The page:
Faith and devotion on the Feast of the Black Nazarene

Every year, there are many feasts and festivals that show religious fervor in the Philippines, and it starts with the most celebrated one – the feast of the Black Nazarene on Jan. 9.

It is a feast that attracts such a large number of devotees that its activities stop traffic and work in many areas in Manila. In fact, the President has declared Jan. 9 a non-working holiday in the city of Manila, through Proclamation No. 120.

The extraordinary show of devotion to the Black Nazarene, represented by a life-size statue of Christ carrying the cross which devotees believe to be miraculous, has become an event that shows the heart of faith. Hundreds of photographs and videos have captured the many emotions that overflow during the Traslacion, or transfer of the Black Nazarene statue from the Quirino Grandstand to its home at the Quiapo Church, or the Minor Basilica of the Black Nazarene.

The Traslacion reenacts the “solemn transfer” of the Black Nazarene statue from a church in Intramuros to Quiapo Church in 1767, according to the Quiapo Church website. The wooden statue was brought to the Philippines from Mexico in 1606.

Of all the activities related to the feast, the Traslacion has become the iconic image of the devotion to the Black Nazarene where thousands of devotees escort the image through a distance of only about seven to 10 kilometers but the procession takes many hours, up to 22 hours in 2012 and 2018, news reports said.

Before the pandemic, the Traslacion was a sea of bodies where vignettes of faith and humanity have been the moving images that inspired many to strengthen their faith, and others, many of them tourists, to make time to watch the procession. The number of devotees increase every year because there are those who come in thanksgiving for an answered prayer, and those who come to pray for a request. They join the thick procession clad in maroon shirts, most of them barefoot, and mostly men. Only a few are allowed on the carriage carrying the statue – the Hijos del Nazareno (Sons of the Nazarene), a group tasked to be marshals to keep the statue safe.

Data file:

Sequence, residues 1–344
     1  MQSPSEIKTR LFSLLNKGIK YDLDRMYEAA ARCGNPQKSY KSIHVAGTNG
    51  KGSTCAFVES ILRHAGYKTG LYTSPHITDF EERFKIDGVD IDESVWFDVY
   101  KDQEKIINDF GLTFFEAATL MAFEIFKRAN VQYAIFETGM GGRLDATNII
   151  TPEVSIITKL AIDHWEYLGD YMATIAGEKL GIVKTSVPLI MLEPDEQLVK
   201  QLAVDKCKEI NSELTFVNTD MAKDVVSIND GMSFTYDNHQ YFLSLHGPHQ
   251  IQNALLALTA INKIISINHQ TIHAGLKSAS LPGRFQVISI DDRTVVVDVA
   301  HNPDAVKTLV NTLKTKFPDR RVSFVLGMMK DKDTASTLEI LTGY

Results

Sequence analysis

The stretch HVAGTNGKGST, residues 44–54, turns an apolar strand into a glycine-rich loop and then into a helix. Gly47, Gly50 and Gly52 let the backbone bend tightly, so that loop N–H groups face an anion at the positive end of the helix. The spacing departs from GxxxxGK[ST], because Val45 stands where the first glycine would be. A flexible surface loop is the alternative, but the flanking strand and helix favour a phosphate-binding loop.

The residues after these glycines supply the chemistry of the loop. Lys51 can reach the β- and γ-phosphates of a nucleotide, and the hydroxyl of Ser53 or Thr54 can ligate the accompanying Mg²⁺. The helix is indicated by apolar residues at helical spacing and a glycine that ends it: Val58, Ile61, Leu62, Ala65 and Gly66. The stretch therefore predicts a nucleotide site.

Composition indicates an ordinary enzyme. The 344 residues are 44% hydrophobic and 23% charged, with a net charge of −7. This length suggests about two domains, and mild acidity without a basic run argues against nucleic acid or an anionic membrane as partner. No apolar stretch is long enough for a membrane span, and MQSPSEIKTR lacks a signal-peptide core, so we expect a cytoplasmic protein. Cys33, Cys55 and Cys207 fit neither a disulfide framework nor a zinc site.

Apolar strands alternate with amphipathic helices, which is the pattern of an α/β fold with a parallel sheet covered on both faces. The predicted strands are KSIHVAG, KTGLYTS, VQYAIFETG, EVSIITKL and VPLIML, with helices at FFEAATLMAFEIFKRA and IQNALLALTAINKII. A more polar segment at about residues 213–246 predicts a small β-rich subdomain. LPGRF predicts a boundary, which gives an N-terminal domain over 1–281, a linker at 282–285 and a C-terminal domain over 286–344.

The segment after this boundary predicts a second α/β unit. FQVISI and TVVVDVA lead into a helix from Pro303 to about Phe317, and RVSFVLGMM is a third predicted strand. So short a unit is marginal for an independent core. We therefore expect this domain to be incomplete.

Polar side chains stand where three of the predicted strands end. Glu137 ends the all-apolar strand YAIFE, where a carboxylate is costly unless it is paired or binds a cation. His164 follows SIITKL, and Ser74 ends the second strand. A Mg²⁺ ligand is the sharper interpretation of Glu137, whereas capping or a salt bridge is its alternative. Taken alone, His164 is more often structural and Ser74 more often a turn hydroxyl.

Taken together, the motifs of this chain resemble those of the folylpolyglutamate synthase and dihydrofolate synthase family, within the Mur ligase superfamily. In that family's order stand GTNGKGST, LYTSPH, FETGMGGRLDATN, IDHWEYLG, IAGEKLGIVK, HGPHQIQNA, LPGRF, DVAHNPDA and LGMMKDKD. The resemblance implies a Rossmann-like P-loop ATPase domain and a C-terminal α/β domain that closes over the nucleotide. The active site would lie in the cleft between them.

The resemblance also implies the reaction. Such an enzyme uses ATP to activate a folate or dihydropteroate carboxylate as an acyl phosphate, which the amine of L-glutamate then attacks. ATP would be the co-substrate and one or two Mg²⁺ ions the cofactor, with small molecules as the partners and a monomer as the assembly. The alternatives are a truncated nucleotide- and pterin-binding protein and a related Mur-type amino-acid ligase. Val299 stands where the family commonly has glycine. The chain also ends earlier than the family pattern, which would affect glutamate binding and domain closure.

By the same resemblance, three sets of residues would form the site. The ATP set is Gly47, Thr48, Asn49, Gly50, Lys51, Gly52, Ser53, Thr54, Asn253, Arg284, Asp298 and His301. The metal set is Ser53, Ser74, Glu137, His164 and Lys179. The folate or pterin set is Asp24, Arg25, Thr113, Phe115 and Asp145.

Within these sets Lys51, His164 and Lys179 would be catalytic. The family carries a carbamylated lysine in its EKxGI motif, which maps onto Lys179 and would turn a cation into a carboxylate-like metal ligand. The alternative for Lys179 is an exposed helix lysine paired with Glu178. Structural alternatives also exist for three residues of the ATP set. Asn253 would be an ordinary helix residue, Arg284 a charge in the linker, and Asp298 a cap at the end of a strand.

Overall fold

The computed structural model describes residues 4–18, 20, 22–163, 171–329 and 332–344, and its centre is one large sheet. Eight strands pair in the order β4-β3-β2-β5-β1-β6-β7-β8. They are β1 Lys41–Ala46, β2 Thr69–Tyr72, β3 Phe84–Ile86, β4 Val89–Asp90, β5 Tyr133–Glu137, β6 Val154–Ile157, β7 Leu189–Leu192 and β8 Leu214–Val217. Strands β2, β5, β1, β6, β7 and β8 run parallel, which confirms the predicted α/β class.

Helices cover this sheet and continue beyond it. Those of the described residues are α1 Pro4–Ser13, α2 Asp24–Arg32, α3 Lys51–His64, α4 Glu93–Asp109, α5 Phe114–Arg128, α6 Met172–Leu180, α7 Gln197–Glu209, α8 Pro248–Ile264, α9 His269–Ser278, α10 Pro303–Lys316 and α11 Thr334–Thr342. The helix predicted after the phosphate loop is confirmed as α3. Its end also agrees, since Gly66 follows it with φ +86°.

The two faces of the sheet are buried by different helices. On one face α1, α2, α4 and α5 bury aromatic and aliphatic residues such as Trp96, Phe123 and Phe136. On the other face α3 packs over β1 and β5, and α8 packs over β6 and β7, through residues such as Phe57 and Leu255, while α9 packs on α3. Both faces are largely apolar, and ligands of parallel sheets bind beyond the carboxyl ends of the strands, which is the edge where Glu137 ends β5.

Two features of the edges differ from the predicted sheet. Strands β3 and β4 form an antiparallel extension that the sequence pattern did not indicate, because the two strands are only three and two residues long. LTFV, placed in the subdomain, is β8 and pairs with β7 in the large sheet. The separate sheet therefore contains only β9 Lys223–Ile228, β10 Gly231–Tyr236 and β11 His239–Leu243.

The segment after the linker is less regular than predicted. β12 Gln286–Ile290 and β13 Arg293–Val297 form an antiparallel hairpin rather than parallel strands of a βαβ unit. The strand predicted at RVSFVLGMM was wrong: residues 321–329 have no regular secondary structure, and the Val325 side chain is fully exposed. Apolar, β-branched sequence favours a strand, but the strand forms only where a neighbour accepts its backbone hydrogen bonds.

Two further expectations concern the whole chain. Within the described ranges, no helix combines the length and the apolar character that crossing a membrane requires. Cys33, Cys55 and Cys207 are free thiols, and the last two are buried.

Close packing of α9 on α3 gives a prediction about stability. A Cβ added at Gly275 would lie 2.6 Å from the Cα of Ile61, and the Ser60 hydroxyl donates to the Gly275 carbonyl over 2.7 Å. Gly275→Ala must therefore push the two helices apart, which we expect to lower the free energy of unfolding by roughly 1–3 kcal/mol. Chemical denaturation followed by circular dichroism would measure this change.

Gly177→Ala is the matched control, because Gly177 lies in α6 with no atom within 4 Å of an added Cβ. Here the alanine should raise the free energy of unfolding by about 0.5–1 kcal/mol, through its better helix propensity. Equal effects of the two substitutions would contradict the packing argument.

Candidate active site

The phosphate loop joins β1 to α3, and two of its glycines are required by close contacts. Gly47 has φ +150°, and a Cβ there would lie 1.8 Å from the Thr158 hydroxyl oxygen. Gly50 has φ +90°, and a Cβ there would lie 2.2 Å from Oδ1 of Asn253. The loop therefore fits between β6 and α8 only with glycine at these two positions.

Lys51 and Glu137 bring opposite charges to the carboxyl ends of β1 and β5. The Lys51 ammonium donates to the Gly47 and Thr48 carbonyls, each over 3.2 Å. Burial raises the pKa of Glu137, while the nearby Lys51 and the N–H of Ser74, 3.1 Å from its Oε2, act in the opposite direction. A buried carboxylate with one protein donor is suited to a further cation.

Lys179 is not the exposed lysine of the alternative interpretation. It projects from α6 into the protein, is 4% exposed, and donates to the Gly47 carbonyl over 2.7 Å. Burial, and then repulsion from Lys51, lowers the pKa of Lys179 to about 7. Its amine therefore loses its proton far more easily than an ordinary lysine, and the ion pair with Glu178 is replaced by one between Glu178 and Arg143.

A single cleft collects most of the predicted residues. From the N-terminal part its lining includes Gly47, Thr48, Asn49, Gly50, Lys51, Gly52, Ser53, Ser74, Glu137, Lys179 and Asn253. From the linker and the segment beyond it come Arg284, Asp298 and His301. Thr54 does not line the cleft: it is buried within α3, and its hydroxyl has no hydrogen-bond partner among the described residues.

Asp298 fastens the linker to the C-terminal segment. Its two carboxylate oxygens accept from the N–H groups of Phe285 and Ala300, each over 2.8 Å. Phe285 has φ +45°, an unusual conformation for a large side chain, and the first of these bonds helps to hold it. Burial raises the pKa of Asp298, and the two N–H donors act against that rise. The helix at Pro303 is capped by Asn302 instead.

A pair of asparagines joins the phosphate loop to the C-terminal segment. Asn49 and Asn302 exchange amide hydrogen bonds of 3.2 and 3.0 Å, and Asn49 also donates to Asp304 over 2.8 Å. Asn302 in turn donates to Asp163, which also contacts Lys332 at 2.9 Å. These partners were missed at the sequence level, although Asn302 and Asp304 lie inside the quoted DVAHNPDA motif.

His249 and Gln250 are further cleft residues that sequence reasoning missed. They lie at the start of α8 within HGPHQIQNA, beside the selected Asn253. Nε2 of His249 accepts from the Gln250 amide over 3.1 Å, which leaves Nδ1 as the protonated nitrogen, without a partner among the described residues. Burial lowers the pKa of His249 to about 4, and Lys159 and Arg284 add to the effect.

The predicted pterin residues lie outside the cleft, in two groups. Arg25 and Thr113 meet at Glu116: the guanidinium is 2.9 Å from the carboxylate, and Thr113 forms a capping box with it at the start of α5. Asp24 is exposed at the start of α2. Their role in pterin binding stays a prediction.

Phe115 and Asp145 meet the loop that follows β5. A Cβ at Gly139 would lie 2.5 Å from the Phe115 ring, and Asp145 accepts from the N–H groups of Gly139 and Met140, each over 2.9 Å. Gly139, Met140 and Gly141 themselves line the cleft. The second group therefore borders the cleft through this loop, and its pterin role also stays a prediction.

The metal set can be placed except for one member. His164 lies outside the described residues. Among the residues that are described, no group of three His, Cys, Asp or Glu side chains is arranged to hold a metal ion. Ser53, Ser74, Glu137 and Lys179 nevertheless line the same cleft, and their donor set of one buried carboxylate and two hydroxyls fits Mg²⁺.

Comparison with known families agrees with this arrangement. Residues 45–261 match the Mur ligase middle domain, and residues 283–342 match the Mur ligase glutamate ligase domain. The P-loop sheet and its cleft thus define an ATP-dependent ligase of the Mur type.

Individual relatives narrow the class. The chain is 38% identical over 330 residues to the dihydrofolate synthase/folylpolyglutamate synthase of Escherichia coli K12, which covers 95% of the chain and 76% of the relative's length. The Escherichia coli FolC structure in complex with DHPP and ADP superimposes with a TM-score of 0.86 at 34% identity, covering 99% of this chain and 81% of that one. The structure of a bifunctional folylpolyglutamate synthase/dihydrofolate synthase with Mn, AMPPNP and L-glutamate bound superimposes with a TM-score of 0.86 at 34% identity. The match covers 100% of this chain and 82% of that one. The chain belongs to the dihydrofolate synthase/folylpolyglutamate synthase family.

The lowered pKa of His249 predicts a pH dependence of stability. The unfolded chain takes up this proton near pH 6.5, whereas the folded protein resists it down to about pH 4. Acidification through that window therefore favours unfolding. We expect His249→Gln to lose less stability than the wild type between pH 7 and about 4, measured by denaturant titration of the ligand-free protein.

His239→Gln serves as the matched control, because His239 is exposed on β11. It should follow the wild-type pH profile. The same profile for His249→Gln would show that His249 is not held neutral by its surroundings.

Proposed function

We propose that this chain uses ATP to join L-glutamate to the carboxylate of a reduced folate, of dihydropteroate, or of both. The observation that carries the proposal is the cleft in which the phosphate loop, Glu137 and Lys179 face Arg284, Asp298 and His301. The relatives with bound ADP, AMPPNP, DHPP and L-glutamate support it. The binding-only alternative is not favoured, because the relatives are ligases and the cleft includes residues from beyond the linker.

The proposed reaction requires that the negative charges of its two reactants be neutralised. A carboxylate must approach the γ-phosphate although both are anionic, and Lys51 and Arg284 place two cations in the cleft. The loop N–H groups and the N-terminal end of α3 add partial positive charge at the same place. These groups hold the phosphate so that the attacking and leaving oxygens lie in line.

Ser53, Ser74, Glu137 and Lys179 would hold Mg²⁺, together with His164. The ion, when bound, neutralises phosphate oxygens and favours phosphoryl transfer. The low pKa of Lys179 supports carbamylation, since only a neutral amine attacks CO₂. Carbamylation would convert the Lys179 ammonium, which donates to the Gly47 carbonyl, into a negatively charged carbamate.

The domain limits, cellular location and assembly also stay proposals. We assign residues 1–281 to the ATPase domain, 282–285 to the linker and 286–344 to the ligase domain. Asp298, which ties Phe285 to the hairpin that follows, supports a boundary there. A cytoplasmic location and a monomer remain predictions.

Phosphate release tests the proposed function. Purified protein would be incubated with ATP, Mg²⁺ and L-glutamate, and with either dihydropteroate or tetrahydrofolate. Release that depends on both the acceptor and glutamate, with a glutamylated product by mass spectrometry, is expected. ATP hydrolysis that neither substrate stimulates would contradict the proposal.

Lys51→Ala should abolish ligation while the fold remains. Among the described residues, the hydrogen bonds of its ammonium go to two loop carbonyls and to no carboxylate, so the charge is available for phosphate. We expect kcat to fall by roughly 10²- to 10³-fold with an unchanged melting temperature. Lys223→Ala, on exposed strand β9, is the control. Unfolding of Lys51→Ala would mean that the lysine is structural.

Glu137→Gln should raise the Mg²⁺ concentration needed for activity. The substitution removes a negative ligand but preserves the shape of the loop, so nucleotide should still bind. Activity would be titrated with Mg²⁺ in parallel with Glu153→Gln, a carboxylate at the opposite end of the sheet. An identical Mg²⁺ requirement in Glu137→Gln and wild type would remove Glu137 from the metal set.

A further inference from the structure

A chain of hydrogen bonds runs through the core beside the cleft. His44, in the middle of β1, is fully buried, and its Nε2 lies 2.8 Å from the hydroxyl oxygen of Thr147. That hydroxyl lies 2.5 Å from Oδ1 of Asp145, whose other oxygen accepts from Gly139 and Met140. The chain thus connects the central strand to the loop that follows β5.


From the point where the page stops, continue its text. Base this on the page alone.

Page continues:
During the procession, many acts of kindness are exchanged between strangers. The men nearest to the statue catch towels, wipe the statue, and then throw them back toward the direction it came from. The men farthest from the statue allow a few devotees to “crawl” on their shoulders to reach the image.

Devotees believe that touching the image – even with cloth – will have an effect on their prayer petition.
Because of the pandemic, the Traslacion will not be held for the third time this year. Instead, there will be a Walk of Faith that will start after the midnight mass on Jan. 8, at the Quirino Grandstand, where devotees will be allowed to carry their statues of the Black Nazarene. It is estimated to last about two hours.

On Jan. 9, which used to be the day when the Traslacion was held before the pandemic, masses will be held at the Quiapo church to celebrate the devotion to the Black Nazarene.

There are many activities that are held to celebrate the feast, among them the nine-day novena, and the blessing of the privately-owned replica statues of the Black Nazarene which are paraded around the streets of barangays.

But even if the pandemic changed the ways of tradition, it could not stop the devotees to find ways to celebrate their faith. Every Friday, many devotees hear mass at the Quiapo Church to visit the Black Nazarene, a “visit” many of them continued throughout the pandemic, by standing outside the doors of the church.